By Asma Alsharif
JEDDAH (Reuters) - Security forces were blockading roads around a desert prison in central Saudi Arabia on Monday where relatives of inmates were staging a demonstration to demand their release - a rare protest in the world's biggest oil exporter.
More than 100 people, including 13 children, had gathered since Sunday afternoon in the desert around the prison in Qassim province but were told by police they would be arrested if they tried to leave, protesters said by telephone.
The complained they had no food or water because of the bloackade but said they would keep up the protest.
"We will stay here and not move until they listen to our demands and that is the release of our jailed relatives," said protester Reema al-Juraish, who said her husband, a nurse, has been held for eight years without charge.
Some of the inmates were in jail on security-related charges or for political activity but others had not been charged.
A spokesman for Saudi Arabia's Interior Ministry did not respond to calls or messages late on Sunday or on Monday requesting comment.
Protests are banned in Saudi Arabia, a monarchy with almost no elected bodies, but relatives of people held on security charges, sometimes for long periods without trial, have demonstrated several times since the start of last year.
Tarfiya prison is in the desert, 15 kms (10 miles) from the nearest village. Police on Sunday set up checkpoints on the two roads leading to it and patrol the desert around it to prevent people from entering or leaving, protesters said.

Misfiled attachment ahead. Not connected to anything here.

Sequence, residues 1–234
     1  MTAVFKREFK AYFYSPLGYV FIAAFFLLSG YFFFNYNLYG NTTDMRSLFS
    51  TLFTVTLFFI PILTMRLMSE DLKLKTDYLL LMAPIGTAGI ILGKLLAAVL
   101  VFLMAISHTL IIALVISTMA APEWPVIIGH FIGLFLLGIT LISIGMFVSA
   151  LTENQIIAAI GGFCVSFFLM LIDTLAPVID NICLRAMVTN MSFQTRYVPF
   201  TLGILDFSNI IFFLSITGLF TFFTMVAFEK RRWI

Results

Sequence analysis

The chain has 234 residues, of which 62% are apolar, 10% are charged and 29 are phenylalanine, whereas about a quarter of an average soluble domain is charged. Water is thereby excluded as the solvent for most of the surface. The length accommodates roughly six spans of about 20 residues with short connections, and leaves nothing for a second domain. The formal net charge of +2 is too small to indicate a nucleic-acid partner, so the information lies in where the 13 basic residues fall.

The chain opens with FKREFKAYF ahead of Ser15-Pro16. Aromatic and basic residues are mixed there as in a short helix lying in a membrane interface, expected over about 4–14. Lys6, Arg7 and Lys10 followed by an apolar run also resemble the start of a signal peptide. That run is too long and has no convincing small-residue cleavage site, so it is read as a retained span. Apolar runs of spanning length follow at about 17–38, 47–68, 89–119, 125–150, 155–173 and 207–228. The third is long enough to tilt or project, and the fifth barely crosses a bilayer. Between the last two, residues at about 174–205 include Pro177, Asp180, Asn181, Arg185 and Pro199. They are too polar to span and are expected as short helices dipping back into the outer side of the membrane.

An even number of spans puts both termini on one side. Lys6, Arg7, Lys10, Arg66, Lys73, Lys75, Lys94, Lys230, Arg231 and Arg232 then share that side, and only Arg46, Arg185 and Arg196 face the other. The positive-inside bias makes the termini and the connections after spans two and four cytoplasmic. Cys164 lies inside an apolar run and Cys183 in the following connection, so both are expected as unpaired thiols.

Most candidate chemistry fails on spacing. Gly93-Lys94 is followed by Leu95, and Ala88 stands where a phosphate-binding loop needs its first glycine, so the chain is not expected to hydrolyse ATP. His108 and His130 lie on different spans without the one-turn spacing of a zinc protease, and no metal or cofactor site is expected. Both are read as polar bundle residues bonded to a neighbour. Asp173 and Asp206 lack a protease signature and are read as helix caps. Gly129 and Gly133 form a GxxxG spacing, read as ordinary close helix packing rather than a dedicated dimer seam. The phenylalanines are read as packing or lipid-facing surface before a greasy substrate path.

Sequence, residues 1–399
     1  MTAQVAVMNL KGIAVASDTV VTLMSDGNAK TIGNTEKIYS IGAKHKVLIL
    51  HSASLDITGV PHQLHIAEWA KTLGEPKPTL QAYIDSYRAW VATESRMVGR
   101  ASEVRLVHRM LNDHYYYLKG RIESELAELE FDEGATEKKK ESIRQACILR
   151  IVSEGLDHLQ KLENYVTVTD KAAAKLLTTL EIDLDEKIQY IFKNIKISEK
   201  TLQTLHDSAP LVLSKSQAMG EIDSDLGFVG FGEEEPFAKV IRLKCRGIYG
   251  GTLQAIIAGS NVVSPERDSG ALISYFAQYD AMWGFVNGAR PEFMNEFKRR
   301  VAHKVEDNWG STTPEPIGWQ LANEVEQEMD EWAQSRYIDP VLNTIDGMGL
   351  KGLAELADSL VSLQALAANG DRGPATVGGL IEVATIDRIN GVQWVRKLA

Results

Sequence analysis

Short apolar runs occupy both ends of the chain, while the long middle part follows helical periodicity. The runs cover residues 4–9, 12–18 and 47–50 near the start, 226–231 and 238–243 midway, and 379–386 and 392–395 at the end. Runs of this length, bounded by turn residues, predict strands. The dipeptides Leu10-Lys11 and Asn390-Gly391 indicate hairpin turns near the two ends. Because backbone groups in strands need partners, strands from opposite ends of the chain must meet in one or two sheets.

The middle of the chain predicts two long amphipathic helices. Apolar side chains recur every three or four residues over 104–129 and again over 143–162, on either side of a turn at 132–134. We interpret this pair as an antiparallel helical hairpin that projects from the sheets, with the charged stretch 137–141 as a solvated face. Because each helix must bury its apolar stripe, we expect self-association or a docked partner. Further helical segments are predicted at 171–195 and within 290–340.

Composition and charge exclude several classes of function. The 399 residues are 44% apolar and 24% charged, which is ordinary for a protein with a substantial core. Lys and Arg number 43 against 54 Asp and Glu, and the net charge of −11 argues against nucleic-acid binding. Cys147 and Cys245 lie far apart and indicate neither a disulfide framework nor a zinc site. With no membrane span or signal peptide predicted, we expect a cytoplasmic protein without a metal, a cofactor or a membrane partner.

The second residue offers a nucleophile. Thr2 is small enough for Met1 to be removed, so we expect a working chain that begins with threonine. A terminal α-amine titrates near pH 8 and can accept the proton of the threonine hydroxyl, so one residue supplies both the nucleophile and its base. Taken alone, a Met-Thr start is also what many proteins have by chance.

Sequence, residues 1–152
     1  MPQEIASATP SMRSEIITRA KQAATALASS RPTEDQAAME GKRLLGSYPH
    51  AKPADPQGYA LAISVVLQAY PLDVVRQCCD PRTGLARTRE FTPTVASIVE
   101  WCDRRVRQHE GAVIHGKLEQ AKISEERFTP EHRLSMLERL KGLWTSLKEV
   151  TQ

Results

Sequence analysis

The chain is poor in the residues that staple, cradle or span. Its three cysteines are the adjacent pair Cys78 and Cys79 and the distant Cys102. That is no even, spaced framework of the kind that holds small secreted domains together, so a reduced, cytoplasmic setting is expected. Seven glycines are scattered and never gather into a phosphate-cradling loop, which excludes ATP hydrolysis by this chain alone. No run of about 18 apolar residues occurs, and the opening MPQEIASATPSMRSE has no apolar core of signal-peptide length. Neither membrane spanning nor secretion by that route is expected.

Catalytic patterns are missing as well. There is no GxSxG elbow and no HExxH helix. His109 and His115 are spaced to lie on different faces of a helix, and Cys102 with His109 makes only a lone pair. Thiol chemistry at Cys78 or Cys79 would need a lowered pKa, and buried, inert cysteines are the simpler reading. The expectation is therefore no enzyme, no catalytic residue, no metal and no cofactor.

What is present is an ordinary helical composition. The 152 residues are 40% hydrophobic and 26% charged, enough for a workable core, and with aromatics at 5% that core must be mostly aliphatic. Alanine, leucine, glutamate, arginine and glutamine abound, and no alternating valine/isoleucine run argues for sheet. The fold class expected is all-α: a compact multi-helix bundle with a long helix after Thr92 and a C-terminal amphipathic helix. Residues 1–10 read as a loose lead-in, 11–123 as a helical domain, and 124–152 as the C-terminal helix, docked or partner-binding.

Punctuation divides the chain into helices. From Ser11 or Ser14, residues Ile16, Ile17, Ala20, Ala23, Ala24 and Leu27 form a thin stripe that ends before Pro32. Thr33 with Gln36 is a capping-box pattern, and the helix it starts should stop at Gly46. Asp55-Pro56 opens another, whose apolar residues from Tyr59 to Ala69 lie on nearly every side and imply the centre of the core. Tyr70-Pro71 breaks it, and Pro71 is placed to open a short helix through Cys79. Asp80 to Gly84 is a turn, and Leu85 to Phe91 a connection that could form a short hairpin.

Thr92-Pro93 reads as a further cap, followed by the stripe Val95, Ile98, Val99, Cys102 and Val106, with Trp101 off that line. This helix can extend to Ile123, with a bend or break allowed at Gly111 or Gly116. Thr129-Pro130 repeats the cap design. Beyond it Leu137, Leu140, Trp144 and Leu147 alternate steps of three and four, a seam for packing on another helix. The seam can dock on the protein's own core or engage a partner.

"We are hungry and thirsty and looking for shade under vehicles," one protestor who declined to be named for fear of being arrested told Reuters by telephone.
A crying baby could be heard in the background.
Four buses had arrived on Monday carrying security forces personnel with shields and batons.
Saudi Arabia avoided the kind of civil unrest that toppled leaders across the Arab world last year after it introduced generous social spending packages and issued a religious edict banning public demonstrations.
King Abdullah has pushed through some economic and social reforms in his seven-year reign, including cautious moves to improve the position of women and religious minorities, but he has left the political system untouched.
The world's top oil exporter is an important ally of Western countries in battling al Qaeda, which carried out a campaign of attacks in the kingdom from 2003-06.
Last year the Interior Ministry said it had put on trial 5,080 of nearly 5,700 people it had detained on security grounds.
In April, a court in Riyadh sentenced Mohammed al-Bajadi, a prominent rights campaigner, to four years in prison. He had been held for a year without charges after voicing support for families of prisoners demonstrating for the release of jailed relatives.
In a separate gathering on Monday, dozens of protesters rallied in front of the government-linked Saudi Human Rights Commission also calling for the release of jailed relatives.
"We are calling for human rights which they have been deprived of," said one protester who declined to be named for fear of being arrested
"There are some prisoners who have been tortured, some who have completed their sentences, others who have not been charged and even some who have been found innocent but are still imprisoned. We will stay here until we are heard," he said.
(Writing by Asma Alsharif; Editing by Angus McDowall and Angus MacSwan)